Weekly Columns

During a recent trip to Walmart, I was introduced to the new method to process debit and credit card payments. Instead of swiping my card, I had to insert my card in the payment terminal. That’s because credit card companies and banks adopted the EMV (Europay, MasterCard, Visa) technology to make transactions more secure and prevent fraud. This is an important step to safeguarding our sensitive personal information from thieves. 

We are a nation that is dependent on technology. Sensitive personal data such as financial accounts, Social Security numbers and medical information are secured in cyberspace. Unfortunately, this information that we trust is protected, is too often breached. 

Cybersecurity attacks are becoming news headlines too often and too many Americans are innocent victims of these breaches. Over the past year data breaches have impacted retail, health care, finance and entertainment industries. The government was also a victim. In the recent Office of Personnel Management (OPM) breach, personal data of at least 21.5 million current and former federal employees was compromised. 

As public-private partnerships develop and implement critical cyber protections, there is a role for each of us to play. As chairman of the Financial Services and General Government Appropriations Subcommittee, I’m promoting oversight and responsible use of taxpayer dollars to prevent future attacks on government servers. As a consumer, I’m focusing – like all American should – in protecting my personal data because we all have an interest in keeping our electronic information safe. This is the focus of National Cybersecurity Awareness Month.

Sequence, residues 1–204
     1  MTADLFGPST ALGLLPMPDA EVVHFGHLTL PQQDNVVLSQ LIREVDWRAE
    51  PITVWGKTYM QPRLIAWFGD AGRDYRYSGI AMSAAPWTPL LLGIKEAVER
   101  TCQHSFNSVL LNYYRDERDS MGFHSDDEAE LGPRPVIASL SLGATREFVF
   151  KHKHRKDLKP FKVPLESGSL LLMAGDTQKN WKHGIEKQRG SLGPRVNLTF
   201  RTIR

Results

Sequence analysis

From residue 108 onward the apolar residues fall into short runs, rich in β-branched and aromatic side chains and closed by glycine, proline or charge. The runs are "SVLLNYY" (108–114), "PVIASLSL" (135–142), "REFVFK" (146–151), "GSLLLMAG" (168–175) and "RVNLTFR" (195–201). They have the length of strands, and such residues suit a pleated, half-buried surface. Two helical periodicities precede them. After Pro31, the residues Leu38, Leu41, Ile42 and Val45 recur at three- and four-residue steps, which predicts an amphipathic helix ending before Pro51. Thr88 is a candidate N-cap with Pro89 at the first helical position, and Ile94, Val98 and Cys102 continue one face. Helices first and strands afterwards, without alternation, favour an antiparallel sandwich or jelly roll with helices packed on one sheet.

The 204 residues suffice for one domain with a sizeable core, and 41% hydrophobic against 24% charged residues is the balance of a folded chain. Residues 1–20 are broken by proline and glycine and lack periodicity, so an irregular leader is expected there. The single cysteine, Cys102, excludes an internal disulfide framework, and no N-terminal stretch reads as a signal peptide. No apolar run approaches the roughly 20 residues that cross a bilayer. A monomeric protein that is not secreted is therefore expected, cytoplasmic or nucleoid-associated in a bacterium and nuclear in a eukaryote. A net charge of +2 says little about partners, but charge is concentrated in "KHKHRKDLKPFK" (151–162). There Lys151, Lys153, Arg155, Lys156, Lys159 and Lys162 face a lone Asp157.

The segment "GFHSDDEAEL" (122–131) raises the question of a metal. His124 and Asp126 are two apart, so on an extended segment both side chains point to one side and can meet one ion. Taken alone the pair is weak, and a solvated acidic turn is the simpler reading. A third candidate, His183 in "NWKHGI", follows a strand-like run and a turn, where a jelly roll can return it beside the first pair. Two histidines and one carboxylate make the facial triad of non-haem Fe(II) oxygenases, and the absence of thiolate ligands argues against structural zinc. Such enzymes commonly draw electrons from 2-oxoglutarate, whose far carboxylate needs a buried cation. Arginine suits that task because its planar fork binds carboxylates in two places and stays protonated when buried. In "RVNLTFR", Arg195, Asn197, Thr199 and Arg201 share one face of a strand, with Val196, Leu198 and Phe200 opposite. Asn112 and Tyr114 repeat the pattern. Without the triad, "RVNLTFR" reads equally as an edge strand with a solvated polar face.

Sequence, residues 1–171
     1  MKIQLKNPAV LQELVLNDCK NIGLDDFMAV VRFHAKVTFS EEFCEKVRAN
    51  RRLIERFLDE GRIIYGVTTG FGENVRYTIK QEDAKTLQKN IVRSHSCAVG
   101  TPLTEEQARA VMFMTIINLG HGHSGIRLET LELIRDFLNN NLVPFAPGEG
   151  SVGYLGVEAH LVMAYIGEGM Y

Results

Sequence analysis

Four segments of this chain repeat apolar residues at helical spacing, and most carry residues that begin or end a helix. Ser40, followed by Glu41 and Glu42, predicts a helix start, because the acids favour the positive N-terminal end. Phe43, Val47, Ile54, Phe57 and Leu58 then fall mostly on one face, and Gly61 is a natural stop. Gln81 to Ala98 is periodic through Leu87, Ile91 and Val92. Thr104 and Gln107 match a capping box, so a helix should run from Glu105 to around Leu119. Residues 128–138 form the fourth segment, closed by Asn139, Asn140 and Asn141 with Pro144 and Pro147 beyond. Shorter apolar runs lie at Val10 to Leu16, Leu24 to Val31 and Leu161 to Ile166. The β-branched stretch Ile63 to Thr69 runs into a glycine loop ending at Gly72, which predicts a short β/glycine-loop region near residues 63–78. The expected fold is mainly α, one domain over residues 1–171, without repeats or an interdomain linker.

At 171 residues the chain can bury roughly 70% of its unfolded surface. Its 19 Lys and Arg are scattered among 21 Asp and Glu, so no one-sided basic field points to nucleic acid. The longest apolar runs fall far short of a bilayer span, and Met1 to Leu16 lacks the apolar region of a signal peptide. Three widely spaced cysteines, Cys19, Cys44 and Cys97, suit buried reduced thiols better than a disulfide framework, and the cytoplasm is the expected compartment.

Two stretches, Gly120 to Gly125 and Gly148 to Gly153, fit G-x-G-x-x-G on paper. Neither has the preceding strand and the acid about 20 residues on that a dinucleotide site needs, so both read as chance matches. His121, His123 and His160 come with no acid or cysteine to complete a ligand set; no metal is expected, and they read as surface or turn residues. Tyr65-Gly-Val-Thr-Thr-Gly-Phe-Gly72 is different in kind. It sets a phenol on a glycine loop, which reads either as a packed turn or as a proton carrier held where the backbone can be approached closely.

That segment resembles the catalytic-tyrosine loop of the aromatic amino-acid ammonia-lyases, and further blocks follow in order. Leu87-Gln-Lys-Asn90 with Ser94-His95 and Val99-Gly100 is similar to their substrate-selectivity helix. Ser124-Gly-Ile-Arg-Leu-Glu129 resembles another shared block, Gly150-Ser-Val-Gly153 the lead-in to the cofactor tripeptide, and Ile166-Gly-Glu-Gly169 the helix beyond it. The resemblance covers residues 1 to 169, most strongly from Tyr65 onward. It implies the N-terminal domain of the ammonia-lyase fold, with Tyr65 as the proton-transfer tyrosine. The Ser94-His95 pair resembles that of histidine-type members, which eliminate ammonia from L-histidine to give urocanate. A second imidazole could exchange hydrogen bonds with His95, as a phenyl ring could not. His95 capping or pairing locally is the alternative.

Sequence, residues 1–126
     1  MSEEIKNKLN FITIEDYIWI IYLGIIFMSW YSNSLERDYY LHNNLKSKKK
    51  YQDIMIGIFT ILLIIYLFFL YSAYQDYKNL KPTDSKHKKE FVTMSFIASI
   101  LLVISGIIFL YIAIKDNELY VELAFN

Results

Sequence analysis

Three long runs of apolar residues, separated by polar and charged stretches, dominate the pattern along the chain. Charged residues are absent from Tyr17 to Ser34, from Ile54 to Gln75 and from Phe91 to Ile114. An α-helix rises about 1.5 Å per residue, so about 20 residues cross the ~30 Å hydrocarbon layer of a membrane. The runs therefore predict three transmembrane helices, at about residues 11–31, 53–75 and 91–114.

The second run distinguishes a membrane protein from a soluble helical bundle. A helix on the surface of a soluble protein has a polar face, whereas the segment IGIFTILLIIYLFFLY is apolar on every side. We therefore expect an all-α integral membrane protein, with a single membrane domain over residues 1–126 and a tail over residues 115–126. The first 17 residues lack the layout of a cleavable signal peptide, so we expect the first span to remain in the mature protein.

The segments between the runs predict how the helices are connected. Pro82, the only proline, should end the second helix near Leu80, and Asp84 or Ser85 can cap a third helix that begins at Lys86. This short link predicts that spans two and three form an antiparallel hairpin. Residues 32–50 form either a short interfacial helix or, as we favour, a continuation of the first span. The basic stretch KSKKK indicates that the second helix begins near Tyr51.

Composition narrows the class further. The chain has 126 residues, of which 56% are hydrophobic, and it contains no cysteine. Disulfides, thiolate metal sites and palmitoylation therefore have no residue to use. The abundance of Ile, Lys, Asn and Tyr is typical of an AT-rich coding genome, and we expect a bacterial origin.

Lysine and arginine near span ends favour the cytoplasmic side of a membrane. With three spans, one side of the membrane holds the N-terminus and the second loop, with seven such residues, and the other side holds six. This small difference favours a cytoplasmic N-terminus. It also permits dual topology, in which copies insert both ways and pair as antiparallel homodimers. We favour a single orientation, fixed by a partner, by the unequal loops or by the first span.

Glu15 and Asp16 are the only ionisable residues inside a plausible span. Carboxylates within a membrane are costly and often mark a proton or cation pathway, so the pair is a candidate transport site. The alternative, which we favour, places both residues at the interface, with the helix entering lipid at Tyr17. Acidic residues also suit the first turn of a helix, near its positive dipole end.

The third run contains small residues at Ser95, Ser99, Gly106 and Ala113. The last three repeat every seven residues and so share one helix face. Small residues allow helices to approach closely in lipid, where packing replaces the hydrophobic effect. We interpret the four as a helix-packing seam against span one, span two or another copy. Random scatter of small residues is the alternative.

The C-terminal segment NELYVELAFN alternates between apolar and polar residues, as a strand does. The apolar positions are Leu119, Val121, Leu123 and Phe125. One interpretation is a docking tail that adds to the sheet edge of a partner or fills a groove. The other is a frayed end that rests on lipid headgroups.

The increase in cyber attacks has focused attention on protecting our digital lives. It’s not too late to implement commonsense security measures to help prevent becoming a victim of a cyber attack. 

Here are some helpful tips:

  • Limit personal information you post online and use privacy settings: Set social networking sites to privacy to filter who is able to see personal information. Don’t send personal data like bank information via email. There is a potential that hackers could capture this information.
  • Protect Personal Information: Make passwords strong by using a combination of letters, numbers and symbols. Never share your password and create new passwords for each online account.
  • Keep it Clean: Update your operating system to protect against viruses and spyware. 

We must take action to stay one step ahead of hackers who will continue to find ways to infiltrate cyberspace and steal sensitive data. A recent Government Accountability Office (GAO) report showed that from 2006 to 2014, security incident reports by federal agencies grew 1,121 percent. Protecting cyberspace is an issue we will continue to monitor and develop better methods to protect our digital information. While we recognize October as National Cybersecurity Awareness Month, we need to practice cybersafety year-round.